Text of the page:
Florida is one of many American states that silverfish call home. These small silver insects love humid environments, making Florida a favorite destination.
Silverfish don’t have wings, don’t jump, can’t hear, and can see only light or dark, but they compensate by running quickly on their six legs. Minus their tail, adult silverfish are about one-half to an inch long. Their flat, oval, and segmented bodies are covered in shiny silver or brown scales and are shaped like a body of a fish, hence their name.
Their small, compound eyes are widely separated. Immature silverfish molt three or four times before their scales appear. Adult silverfish continue to molt up to 60 times within their life, which spans several years. While molting, silverfish are defenseless, and it’s not uncommon for one silverfish to eat any molting silverfish it finds.
Silverfish seek cool, damp, indoor locations, like basements, garages, attics, laundry rooms, bathrooms, and any area with books or boxes. In these dark and undisturbed areas, they come out at night to eat fabric, dandruff, sawdust, flour, cereals, dead insects, house dust, and even some kinds of fungi. Their favorite snack is starch, and they often eat the starch from book-binding glue and wallpaper paste.
Potential damage from silverfish
Silverfish can devastate Floridian homes. They love to carb load, munching on the flour and cereal they find in kitchens. The cost of replacing damaged or bug ridden cooking and baking ingredients adds up quickly. They can also destroy books by eating their binding and leaving ragged edges. When silverfish eat wallpaper paste, they leave unsightly marks that are expensive to repair.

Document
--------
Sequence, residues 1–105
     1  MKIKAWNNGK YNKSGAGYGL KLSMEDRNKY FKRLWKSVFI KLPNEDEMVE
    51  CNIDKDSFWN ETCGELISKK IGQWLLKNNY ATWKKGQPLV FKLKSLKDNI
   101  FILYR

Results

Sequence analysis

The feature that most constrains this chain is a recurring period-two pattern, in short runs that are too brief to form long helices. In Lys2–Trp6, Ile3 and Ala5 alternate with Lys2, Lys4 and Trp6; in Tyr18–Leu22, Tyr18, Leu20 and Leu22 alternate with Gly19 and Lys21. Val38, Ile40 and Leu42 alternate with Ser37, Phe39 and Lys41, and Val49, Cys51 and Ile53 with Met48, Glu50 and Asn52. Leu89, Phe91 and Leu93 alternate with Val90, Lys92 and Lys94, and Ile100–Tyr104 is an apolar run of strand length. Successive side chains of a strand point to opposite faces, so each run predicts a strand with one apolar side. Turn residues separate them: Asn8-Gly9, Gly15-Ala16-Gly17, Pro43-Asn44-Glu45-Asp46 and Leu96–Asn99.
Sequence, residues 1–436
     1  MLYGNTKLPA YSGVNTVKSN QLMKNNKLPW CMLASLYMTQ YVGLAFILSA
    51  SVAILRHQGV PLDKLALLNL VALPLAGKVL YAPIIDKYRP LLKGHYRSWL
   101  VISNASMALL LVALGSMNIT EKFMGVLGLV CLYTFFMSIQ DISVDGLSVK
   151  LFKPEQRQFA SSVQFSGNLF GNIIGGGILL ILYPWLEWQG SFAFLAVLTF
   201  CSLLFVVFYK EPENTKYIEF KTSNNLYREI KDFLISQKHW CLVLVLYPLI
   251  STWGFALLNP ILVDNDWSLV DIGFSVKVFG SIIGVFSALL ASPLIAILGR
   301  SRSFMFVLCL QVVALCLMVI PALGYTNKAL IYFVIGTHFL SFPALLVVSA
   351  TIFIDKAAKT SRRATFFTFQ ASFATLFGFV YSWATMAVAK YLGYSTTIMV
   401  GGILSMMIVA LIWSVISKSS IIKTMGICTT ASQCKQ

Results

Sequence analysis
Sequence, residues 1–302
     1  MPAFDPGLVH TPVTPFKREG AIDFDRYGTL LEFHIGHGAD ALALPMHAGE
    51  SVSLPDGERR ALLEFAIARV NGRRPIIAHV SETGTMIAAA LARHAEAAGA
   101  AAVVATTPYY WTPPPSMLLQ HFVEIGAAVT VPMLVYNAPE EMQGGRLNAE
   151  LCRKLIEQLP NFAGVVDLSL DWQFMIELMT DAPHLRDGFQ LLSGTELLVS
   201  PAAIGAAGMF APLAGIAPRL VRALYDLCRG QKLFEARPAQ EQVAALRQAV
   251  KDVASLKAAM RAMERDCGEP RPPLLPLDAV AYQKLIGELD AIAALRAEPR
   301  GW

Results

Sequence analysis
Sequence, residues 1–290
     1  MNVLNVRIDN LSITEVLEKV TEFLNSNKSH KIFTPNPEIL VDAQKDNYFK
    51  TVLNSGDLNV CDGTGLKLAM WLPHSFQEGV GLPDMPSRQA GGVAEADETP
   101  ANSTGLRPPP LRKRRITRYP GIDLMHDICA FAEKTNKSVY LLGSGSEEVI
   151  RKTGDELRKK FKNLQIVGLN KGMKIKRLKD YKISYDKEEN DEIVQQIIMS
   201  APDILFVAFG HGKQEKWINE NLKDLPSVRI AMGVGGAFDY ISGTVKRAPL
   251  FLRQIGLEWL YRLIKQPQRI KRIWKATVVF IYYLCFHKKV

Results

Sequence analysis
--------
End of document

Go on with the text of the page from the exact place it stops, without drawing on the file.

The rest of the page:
They even eat fabric, especially linens, leaving feeding marks and yellowish stains on sheets, curtains, and more.
Silverfish don’t carry pathogens that cause disease, but their shed skin is a concern for allergy sufferers.
Silverfish themselves often make appearances in sinks, bathtubs, and light fixtures.
Here are some signs silverfish have slivered into your home:
- Feeding marks on books and wallpaper
- Small black pepper-like pellet droppings
- Irregular notches on book spines
Since silverfish thrive in humid temperatures, Floridians must take extra care to keep them out of their homes.
- Repair leaks, use dehumidifiers, and keep water drains away from your home. Reducing moisture is an important part of preventing a silverfish infestation.
- Put food like sugar, cereal, and coffee in sealed containers.
- Make it impossible for silverfish to get into your home. Seal holes and cracks around windows, doors, and baseboards.
Living in Florida doesn’t have to mean you have to live with silverfish. Hometown’s trained professionals can get these slimy insects out of your home for good. Contact us today to request a free quote.